Denver to Vote on Two Different Measures That Raise Marijuana Taxes

A dispensary shopper in Commerce City views his options with an employee.
A dispensary shopper in Commerce City views his options with an employee. Jacqueline Collins
Coloradans will consider a statewide ballot measure this November that would raise marijuana tax rates, while Denver voters will have to also consider a second tax hike.

The statewide measure, an educational enrichment program for out-of-school learning, was approved by the Colorado Secretary of State's Office after signatures were submitted in August; the ballot question proposes a 5 percent tax increase on recreational marijuana sales to help pay for the program. Advocates of a ballot initiative in Denver that was also approved for the November election want to see a 1.5 percent increase in marijuana sales tax to fund pandemic-related research.

Neither measure comes without controversy, but that didn't stop the campaigns from breezing through the signature-collection and ballot-approval process. Here are the basics on both:

State Learning Enrichment and Academic Progress Initiative

Known as the LEAP initiative, this statewide program would earmark lower- and middle-income families with primary school-aged kids for annual stipends of around $1,500 per child. The stipends would pay for out-of-school learning services, including after-school programs, individual tutoring and specialized after-school classes, with an emphasis on summer education. Families earning between $25,000 and $50,000 a year would be prioritized as beneficiaries of the program, according to the proposal.

Public schools and teachers providing out-of-school learning and programs would automatically be eligible for compensation from LEAP stipend money, while institutions like the Boys & Girls Club or private services would apply through a board approved by the state Department of Education, according to Mike Johnston, former gubernatorial candidate and current CEO of Gary Community Ventures, a nonprofit organization pushing the initiative.

The marijuana industry isn't happy with the suggested hike in sales tax, however, and sections of the education community haven't bought in, either. Public education providers prefer that extra funding from marijuana taxes go toward paying off a $572 million debt that the State of Colorado owes schools, while providers of no-cost, out-of-school programming worry that they'll be blocked from the new funds since they don't charge for services, according to Scholars Unlimited, a Denver-based out-of-school learning organization.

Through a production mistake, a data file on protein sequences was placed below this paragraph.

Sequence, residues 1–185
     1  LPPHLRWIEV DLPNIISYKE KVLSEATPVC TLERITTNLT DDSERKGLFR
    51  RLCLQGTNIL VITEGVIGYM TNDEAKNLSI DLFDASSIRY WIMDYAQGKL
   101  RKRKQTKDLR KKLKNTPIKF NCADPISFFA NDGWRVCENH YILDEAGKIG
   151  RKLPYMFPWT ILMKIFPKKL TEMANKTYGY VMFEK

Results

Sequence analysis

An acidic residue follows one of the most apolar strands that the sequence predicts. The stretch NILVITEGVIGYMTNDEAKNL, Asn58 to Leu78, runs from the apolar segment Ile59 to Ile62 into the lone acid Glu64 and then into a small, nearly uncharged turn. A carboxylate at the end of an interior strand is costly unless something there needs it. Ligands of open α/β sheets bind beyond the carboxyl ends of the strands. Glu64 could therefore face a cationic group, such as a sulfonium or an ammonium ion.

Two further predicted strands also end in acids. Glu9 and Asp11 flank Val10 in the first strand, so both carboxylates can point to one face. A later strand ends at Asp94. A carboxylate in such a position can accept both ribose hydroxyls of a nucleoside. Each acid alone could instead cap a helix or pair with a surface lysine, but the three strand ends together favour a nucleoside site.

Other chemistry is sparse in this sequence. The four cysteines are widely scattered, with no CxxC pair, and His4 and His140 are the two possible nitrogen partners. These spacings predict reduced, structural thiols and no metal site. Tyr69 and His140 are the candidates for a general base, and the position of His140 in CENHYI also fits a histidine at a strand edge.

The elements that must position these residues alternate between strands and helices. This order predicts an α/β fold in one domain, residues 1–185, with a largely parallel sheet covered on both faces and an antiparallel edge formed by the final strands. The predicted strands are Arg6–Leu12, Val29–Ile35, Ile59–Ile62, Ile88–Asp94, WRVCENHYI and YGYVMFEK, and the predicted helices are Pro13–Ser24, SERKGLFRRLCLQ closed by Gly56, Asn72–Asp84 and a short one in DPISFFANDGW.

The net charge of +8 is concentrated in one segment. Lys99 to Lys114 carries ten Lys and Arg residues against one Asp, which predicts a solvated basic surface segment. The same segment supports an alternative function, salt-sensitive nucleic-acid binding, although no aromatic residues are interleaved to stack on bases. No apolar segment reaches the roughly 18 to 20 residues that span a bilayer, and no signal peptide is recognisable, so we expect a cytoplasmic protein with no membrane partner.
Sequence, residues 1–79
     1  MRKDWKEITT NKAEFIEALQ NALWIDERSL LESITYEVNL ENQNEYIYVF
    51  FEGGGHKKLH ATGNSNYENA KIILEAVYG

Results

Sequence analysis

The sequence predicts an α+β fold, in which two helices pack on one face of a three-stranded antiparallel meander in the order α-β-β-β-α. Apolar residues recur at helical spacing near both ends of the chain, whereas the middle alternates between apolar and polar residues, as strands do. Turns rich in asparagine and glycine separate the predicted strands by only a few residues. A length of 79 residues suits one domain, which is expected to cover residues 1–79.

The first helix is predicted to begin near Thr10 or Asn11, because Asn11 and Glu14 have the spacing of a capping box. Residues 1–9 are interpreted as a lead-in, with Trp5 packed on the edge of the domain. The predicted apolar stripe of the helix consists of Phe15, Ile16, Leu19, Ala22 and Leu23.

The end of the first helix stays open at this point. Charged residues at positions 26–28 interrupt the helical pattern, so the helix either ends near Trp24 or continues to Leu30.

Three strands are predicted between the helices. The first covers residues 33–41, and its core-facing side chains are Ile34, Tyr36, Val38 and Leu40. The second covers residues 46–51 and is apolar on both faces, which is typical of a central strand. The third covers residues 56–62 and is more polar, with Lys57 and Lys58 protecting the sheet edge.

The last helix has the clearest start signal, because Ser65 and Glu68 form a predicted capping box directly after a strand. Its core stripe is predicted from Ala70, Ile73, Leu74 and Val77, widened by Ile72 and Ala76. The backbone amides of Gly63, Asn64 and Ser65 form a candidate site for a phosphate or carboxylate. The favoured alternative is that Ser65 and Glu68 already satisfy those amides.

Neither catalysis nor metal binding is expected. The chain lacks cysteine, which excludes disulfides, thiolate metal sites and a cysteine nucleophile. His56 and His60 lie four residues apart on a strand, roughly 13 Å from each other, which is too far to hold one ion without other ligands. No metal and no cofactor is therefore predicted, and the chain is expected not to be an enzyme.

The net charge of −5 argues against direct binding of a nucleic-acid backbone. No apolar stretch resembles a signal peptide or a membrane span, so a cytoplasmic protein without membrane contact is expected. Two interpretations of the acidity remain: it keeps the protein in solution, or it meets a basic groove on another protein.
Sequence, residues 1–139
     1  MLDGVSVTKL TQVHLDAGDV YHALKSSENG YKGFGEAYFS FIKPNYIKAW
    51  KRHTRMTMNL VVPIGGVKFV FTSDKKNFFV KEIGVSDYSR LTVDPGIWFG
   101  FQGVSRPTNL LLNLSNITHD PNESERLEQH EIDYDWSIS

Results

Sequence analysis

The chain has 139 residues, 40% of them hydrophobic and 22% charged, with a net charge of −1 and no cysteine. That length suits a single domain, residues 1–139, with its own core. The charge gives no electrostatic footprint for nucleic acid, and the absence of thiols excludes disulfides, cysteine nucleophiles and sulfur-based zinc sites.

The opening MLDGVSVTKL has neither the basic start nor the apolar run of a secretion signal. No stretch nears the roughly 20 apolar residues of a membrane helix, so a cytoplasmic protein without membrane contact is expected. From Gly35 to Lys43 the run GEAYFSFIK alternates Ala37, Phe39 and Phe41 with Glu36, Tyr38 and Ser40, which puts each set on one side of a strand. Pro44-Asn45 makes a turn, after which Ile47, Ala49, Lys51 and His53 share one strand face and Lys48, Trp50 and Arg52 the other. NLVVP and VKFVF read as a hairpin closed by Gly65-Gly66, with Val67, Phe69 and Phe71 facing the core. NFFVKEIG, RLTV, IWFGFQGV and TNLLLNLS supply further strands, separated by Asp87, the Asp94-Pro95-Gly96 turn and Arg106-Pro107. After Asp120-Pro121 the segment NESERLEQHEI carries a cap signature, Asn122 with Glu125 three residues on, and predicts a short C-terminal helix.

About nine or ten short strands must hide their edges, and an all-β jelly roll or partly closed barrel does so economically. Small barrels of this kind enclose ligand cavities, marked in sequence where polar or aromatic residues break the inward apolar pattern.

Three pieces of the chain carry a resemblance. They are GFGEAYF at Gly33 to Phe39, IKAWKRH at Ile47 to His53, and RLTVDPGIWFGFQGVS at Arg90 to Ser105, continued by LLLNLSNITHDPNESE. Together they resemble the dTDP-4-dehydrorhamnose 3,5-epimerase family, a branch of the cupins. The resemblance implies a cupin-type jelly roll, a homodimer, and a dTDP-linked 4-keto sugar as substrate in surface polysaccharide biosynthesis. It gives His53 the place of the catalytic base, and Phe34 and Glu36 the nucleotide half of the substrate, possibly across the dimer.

Funding for the program would come from a mix of the 5 percent marijuana sales tax increase and the repurposing of a portion of investment revenue derived from leases, rents and royalties paid for state-owned lands. Diverted revenue from state-owned lands would provide an estimated $60 million for the program, and the remaining funds would come from the marijuana sales tax increase, according to LEAP organizers.

Colorado currently imposes a 15 percent special tax on recreational marijuana sales, with local governments implementing their own marijuana sales and industry taxes on top of that. Applied to 2020 sales figures, a 5 percent marijuana tax increase would yield just short of an extra $80 million, according to state Department of Revenue data.

Denver Pandemic Fund Initiative

The Denver Pandemic Fund Initiative would fund pandemic research as well as public health and economic response plans during pandemics, adding another 1.5 percent to sales tax on recreational marijuana purchases in Denver. According to the ballot petition, around $7 million would be raised annually by the tax increase, with all of it going toward the University of Colorado Denver CityCenter — a partnership between CU Denver, the City of Denver and local businesses — for research. If the Denver Pandemic Campaign's calculations are correct, the CU Denver CityCenter would be able to dedicate around $5.25 million a year to research and another $1.75 million to planning and policy.

Recreational pot purchases in Denver currently incur around 26 percent in sales taxes overall. If the pandemic ballot initiative passes, that rate would be closer to 28 percent, adding about 40 cents on a $30 purchase at dispensaries. (If both the LEAP and pandemic ballot initiatives pass, Denver's marijuana sales tax rate would be around 33 percent.)

Over $440,000 has been spent on the initiative's campaign by Guarding Against Pandemics, a group registered in Delaware. In June, a spokeswoman for CU Denver told Westword that CU "did not initiate this proposal, is not involved in the campaign or signature-gathering process and has not taken a position on this proposed ballot initiative."

According to a campaign organizer working on behalf of Guarding Against Pandemics, the organization "has no financial connection to the University of Colorado Denver CityCenter and will not financially benefit from any funding in the ballot measure," calling the campaign funding "purely philanthropic.”
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Thomas Mitchell has written about all things cannabis for Westword since 2014, covering sports, real estate and general news along the way for publications such as the Arizona Republic, Inman and Fox Sports. He's currently the cannabis editor for westword.com.
Contact: Thomas Mitchell

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